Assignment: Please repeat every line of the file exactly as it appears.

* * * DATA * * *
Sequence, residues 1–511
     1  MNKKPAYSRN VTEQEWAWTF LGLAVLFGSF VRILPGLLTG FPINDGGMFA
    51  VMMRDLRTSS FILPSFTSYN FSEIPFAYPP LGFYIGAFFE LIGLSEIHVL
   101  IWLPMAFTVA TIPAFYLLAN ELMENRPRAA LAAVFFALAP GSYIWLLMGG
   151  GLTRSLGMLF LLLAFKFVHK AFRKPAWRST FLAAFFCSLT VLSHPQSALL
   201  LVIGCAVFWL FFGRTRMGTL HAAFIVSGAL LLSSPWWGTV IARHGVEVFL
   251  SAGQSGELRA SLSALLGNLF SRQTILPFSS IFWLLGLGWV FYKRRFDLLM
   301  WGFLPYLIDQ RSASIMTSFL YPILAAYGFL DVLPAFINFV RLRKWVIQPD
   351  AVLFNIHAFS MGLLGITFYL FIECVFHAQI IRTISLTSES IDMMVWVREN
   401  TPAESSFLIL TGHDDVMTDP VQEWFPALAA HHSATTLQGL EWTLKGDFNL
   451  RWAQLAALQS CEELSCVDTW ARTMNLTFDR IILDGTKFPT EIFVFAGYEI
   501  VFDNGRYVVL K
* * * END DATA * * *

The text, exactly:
Sequence, residues 1–511
     1  MNKKPAYSRN VTEQEWAWTF LGLAVLFGSF VRILPGLLTG FPINDGGMFA
    51  VMMRDLRTSS FILPSFTSYN FSEIPFAYPP LGFYIGAFFE LIGLSEIHVL
   101  IWLPMAFTVA TIPAFYLLAN ELMENRPRAA LAAVFFALAP GSYIWLLMGG
   151  GLTRSLGMLF LLLAFKFVHK AFRKPAWRST FLAAFFCSLT VLSHPQSALL
   201  LVIGCAVFWL FFGRTRMGTL HAAFIVSGAL LLSSPWWGTV IARHGVEVFL
   251  SAGQSGELRA SLSALLGNLF SRQTILPFSS IFWLLGLGWV FYKRRFDLLM
   301  WGFLPYLIDQ RSASIMTSFL YPILAAYGFL DVLPAFINFV RLRKWVIQPD
   351  AVLFNIHAFS MGLLGITFYL FIECVFHAQI IRTISLTSES IDMMVWVREN
   401  TPAESSFLIL TGHDDVMTDP VQEWFPALAA HHSATTLQGL EWTLKGDFNL
   451  RWAQLAALQS CEELSCVDTW ARTMNLTFDR IILDGTKFPT EIFVFAGYEI
   501  VFDNGRYVVL K